The history and development of Rothesay is defined by two major phases. The development of the medieval town, centred on Rothesay Castle, and the later 19th and early 20th century development of the town as a seaside resort. Buildings from this later development, reflect the wealth of the town during its heyday as a tourist destination, and include a range of domestic and commercial architecture of a scale more often found in larger burghs. Both the 19th and early 20th century growth of the town, with a particular flourish during the inter-war period, included areas of reclaimed foreshore, particularly along the coast to the east of the town and around the pier and pleasure gardens.

(List description revised as part of Rothesay listing review 2010-11)



1st Edition Ordnance Survey (1855-64) Not Evident; F Walker & F Sinclair North Clyde Estuary: An Illustrated Architectural Guide (1992) p150; F A Walker, Buildings of Scotland: Argyll and Bute (2000) pp 615-29.

About Listed Buildings

Historic Environment Scotland is responsible for designating sites and places at the national level. These designations are Scheduled monuments, Listed buildings, Inventory of gardens and designed landscapes and Inventory of historic battlefields.

We make recommendations to the Scottish Government about historic marine protected areas, and the Scottish Ministers decide whether to designate.

Listing is the process that identifies, designates and provides statutory protection for buildings of special architectural or historic interest as set out in the Planning (Listed Buildings and Conservation Areas) (Scotland) Act 1997.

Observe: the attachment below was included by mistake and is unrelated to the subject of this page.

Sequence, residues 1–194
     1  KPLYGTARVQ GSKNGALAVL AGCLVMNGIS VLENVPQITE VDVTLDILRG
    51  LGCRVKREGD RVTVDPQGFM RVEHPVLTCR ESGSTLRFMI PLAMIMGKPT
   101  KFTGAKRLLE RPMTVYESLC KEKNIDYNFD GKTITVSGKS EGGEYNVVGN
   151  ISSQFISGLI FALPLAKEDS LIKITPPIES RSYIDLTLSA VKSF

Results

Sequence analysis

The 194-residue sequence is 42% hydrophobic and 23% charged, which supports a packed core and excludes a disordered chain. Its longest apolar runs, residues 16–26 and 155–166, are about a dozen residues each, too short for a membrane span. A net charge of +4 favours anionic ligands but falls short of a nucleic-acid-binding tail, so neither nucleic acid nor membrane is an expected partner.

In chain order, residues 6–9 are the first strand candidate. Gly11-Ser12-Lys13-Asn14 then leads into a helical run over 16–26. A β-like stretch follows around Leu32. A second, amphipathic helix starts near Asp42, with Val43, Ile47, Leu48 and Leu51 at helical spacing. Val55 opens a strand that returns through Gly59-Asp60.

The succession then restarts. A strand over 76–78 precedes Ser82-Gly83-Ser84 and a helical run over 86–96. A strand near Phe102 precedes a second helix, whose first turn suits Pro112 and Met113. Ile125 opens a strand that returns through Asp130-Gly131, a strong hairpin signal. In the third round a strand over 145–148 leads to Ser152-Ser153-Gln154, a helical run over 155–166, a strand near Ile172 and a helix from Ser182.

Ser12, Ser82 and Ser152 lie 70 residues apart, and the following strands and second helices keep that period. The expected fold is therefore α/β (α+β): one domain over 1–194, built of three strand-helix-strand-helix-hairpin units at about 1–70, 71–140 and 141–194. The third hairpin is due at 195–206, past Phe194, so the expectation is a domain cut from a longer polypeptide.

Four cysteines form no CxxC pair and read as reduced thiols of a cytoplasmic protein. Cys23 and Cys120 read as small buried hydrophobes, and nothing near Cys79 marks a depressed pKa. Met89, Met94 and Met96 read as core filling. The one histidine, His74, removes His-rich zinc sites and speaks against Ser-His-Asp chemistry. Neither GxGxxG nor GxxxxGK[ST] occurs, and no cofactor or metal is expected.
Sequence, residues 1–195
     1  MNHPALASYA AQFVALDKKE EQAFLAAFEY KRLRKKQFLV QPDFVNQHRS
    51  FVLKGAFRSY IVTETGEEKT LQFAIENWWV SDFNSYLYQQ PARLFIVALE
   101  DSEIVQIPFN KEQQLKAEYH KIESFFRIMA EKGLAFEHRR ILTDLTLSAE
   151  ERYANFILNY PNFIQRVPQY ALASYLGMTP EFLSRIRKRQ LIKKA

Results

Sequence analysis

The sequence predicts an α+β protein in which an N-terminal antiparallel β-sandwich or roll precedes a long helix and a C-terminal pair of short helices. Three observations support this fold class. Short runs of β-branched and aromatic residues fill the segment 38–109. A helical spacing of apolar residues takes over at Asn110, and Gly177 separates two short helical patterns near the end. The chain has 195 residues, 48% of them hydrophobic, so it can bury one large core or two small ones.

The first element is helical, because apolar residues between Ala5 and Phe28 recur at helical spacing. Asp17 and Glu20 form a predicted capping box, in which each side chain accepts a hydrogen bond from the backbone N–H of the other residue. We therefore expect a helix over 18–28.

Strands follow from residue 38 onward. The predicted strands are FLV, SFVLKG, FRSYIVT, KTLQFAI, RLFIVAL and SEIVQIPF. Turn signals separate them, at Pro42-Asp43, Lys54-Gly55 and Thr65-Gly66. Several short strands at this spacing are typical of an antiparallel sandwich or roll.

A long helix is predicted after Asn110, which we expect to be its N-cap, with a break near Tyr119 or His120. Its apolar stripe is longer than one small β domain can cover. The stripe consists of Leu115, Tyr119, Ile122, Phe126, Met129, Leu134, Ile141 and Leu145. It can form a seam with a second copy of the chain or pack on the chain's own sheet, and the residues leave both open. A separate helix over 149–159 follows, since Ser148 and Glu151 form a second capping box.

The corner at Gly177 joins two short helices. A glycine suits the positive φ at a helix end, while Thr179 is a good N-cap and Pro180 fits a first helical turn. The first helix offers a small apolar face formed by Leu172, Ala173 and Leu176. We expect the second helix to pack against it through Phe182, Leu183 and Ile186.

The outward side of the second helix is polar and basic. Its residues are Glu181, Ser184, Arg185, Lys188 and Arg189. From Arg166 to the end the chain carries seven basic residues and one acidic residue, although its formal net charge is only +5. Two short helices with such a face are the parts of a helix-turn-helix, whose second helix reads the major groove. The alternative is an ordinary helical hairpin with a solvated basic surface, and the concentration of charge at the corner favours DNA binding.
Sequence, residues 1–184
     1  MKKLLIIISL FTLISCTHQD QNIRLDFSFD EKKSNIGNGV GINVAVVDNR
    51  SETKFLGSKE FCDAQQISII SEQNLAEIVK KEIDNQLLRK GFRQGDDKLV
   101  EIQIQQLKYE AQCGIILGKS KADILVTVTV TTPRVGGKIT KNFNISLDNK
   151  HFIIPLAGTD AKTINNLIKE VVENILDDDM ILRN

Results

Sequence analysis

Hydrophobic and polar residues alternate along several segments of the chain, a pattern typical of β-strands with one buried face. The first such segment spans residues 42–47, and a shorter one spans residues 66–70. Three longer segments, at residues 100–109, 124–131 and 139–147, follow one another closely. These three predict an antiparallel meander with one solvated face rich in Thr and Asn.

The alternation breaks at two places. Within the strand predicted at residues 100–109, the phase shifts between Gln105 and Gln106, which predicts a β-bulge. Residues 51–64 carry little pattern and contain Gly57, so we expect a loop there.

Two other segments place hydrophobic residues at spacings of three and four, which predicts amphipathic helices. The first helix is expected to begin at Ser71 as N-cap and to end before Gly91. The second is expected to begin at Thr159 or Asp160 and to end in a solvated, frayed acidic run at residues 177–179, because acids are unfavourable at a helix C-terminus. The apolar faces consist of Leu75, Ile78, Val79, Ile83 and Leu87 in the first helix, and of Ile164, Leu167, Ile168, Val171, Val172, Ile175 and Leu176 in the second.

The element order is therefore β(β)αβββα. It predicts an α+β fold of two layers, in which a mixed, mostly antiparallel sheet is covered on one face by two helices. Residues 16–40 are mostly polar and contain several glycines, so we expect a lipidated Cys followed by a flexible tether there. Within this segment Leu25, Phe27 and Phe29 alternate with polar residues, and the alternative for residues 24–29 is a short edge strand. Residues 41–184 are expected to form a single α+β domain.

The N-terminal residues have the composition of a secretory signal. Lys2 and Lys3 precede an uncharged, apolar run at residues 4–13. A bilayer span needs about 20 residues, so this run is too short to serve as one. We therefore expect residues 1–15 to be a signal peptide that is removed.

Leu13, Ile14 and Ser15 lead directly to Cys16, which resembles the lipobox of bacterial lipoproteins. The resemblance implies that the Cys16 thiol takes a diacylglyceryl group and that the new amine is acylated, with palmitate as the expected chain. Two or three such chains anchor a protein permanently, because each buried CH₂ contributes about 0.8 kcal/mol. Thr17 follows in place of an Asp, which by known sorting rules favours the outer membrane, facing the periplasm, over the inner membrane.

We list buildings which are found to be of special architectural or historic interest using the selection guidance published in Designation Policy and Selection Guidance (2019)

Listed building records provide an indication of the special architectural or historic interest of the listed building which has been identified by its statutory address. The description and additional information provided are supplementary and have no legal weight.

These records are not definitive historical accounts or a complete description of the building(s). If part of a building is not described it does not mean it is not listed. The format of the listed building record has changed over time. Earlier records may be brief and some information will not have been recorded.

The legal part of the listing is the address/name of site which is known as the statutory address. Addresses and building names may have changed since the date of listing. Even if a number or name is missing from a listing address it will still be listed. Listing covers both the exterior and the interior and any object or structure fixed to the building. Listing also applies to buildings or structures not physically attached but which are part of the curtilage (or land) of the listed building as long as they were erected before 1 July 1948.

While Historic Environment Scotland is responsible for designating listed buildings, the planning authority is responsible for determining what is covered by the listing, including what is listed through curtilage. However, for listed buildings designated or for listings amended from 1 October 2015, legal exclusions to the listing may apply.

If part of a building is not listed, it will say that it is excluded in the statutory address and in the statement of special interest in the listed building record. The statement will use the word 'excluding' and quote the relevant section of the 1997 Act. Some earlier listed building records may use the word 'excluding', but if the Act is not quoted, the record has not been revised to reflect subsequent legislation.

Listed building consent is required for changes to a listed building which affect its character as a building of special architectural or historic interest. The relevant planning authority is the point of contact for applications for listed building consent.

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Printed: 21/02/2020 03:48